Irritating as it can be, many dogs are prone to begging for scraps. They love a piece of meat tossed to them from the dinner table. But how healthy can it be, or even safe, to indulge your canine companion’s hunger for chicken innards? You may think it looks like something out of a nature documentary, but dogs are hunters who have never lost their taste for raw meat.
Chicken Hearts are Good for Your Pup
As much as you may be put off by the prospect, chicken hearts are an excellent source of nutrition for your pup. Think about it. Dogs are essentially domesticated wolves, hundreds of generations removed. And what wolf would you expect to merely chew on the outside of a carcass while leaving all the juicy insides? It may not be to your taste, but it certainly is to your dog’s.
Chicken hearts are rich in vitamin A, iron, and assorted B vitamins. But that’s not all. They are an excellent source of Taurine, an amino sulfonic acid, which is an important building block of protein.
Animal hearts, especially those of chicken and turkey, are lean protein, they contain essential fatty acids, and can be served to your canine companion either cooked or raw. Most vets agree that raw is better, more natural.
Any heat applied to the raw hearts, whether on your own stove, or in the canning process at a dog food processing plant, will decrease the levels of nutrients found in the raw product. There can also be a problem with processed food in that the process itself can affect the Taurine, making it difficult for your pet’s metabolism to process. But if you’re really not up to watching your beloved pet literally wolf down raw body parts, or your canine companion does not readily take to a raw diet, you can buy and prepare them yourself.
Chicken is a relatively economical white meat, which makes it a good choice for your pet, and yourself, of course. And you may in fact, prefer not to eat all those things found in the mysterious little packages so conveniently packed inside each bird. You can, in addition, buy chicken hearts separately at an even cheaper price. And cooking them yourself will alleviate some of those concerns about canned processed food.
Chicken hearts can be prepared in several ways. You can fry them in a small amount of oil until a light golden brown, or simply boil them. You can even dry them out in a food dehydrator. Any way you prepare them, your pup will love them. It’s up to you to decide whether to incorporate these hearts into your pet’s regular diet, or to use them as well-deserved snacks.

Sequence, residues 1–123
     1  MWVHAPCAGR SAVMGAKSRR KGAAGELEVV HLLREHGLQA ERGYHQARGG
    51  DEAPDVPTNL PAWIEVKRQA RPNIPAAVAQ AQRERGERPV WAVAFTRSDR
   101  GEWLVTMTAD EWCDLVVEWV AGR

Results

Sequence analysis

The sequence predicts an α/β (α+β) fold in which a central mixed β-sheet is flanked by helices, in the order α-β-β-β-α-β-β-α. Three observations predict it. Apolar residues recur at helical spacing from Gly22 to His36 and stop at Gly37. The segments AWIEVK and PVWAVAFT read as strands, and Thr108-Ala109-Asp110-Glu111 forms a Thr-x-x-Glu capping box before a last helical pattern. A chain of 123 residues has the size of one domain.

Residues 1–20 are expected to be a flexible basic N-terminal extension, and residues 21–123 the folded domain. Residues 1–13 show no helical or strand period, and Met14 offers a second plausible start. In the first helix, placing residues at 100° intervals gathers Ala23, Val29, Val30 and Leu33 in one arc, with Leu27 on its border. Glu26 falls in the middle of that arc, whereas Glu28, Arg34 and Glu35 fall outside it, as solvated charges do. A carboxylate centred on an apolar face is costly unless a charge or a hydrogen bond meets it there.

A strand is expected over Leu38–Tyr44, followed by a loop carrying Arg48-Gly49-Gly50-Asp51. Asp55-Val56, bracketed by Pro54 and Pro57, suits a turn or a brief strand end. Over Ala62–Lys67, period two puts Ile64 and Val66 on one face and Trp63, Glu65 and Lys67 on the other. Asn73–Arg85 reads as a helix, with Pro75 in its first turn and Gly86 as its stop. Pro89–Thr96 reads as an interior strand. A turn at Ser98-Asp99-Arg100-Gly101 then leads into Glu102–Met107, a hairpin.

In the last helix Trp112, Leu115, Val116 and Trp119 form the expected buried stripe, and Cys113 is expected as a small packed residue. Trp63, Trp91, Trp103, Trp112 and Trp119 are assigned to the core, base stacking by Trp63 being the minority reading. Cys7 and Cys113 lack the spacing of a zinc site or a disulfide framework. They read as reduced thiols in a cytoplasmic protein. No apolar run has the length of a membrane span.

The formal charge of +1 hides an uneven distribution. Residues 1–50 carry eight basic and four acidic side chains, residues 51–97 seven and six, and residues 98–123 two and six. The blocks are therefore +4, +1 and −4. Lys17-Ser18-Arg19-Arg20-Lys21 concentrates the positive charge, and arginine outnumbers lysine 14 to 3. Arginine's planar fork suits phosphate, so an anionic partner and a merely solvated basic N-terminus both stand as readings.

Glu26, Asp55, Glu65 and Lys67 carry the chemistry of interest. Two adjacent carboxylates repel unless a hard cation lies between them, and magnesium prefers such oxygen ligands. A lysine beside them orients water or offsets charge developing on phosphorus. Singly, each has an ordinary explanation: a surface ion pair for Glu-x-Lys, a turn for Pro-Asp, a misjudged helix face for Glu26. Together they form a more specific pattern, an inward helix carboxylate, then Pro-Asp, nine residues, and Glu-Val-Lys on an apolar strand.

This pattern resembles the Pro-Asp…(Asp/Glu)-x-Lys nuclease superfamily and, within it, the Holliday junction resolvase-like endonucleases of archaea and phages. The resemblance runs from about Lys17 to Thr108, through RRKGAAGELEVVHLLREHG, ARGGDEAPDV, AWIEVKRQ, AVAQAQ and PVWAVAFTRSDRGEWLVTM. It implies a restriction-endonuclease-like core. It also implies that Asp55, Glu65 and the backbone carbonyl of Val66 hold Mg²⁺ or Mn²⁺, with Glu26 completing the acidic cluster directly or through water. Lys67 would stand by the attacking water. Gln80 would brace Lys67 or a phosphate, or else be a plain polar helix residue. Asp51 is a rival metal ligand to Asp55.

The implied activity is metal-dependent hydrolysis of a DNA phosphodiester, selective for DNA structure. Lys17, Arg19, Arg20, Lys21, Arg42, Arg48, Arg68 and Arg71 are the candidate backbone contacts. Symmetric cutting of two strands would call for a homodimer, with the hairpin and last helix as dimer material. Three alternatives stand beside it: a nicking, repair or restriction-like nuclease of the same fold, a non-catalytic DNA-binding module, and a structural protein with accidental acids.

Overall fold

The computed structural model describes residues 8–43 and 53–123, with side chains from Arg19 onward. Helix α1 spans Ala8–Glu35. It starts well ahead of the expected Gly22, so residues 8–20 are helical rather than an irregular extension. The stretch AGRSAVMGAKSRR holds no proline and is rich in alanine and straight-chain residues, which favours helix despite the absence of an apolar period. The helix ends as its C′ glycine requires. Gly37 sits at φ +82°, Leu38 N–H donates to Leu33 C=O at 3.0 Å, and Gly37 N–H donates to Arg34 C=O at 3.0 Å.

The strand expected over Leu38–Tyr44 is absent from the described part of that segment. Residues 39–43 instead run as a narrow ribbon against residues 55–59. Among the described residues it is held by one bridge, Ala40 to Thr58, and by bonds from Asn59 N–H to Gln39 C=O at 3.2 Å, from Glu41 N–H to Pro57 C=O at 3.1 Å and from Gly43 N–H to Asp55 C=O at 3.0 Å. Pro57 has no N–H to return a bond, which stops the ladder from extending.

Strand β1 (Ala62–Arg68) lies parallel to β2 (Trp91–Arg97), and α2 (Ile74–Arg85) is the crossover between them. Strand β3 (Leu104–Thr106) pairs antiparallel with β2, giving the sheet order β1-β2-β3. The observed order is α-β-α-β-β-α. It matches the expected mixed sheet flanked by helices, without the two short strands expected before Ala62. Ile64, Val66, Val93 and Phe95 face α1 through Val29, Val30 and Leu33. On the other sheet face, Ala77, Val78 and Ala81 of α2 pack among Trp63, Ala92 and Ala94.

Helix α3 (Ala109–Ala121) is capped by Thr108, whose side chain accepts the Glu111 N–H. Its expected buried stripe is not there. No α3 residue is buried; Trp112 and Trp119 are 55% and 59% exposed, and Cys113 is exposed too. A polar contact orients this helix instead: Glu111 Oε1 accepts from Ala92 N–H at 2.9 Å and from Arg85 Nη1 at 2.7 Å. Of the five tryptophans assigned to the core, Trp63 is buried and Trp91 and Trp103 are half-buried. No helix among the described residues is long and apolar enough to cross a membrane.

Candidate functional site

Please be aware that vets say if chicken hearts comprise more than five percent of the diet, you may have to deal with the consequences of an overdose of vitamin A. These consequences include a loose, runny stool, which can be a major inconvenience to you as well as your pet. They also warn that your dog’s nutritional needs may vary according to their age, breed, and general health, so before making any major changes to their diet, consult your vet.
What About Chicken Gizzards?
How many of us are even aware of what a gizzard is? Well, you may have noticed that chickens don’t have teeth!
When a chicken pecks at food on the ground, it inevitably picks up small bits of rocks and stones along with the target. These bits become lodged in its gizzard, a muscular structure in the digestive system, where they help grind the food into easily digestible bits. So, a gizzard, in effect, acts as the chicken’s teeth.
Gizzards are high in protein, minerals such as iron and zinc, and vitamin B12. They are also high in Glucosamine, which is beneficial to your pet’s cartilage and joints. This substance is often used as a treatment for arthritis.
Unfortunately, despite all the good things, gizzards also contain a high amount of cholesterol, which is not a good thing. Due to this, vets recommend that chicken gizzards make up no more than twenty percent of a dog’s diet,
How Often Should I Feed My Dog Chicken Hearts and Gizzards?
Hearts and gizzards are organ meats, and along with other organ meats such as livers and kidneys, should be served to your dog in moderation. If your dog is regularly active, a diet consisting of ten percent organ meats is fine. If your pet is extremely active, he can tolerate a higher amount of around fifteen percent. You should limit the intake to under ten percent is your pet is extremely overweight.
You can easily make your dog’s food at home rather than relying on a canned or bagged variety. This allows you to feel secure in the fact that all the ingredients are healthy and well prepared. You can even make up a batch in your crock pot!
Add one pound of raw, chopped gizzards, one pound of raw chopped deboned chicken, three large carrots, four hard boiled eggs (crushed with their shell on), and one cup of water to the pot. Cook on low for two to three hours. It’s done when everything falls apart easily.
Now add two cups of cooked white rice and another cup of water and continue to cook on low for another thirty minutes. Voila! A veritable gourmet feast, and easily done.
Tere are a lot more recipes out there on the internet. Look around and decide what your dog would like.
You can incorporate hearts, gizzards, and various other proteins, along with a variety of unexpected ingredients like spinach or strawberries to give your canine companion a gourmet experience at every meal. Your pet is a member of your family, so why not treat him as one.
So, the next time you reach into a whole chicken, think twice before discarding that little surprise package you’ve found. You may not relish the taste of a raw heart or a muscular gizzard, but your canine companion certainly will.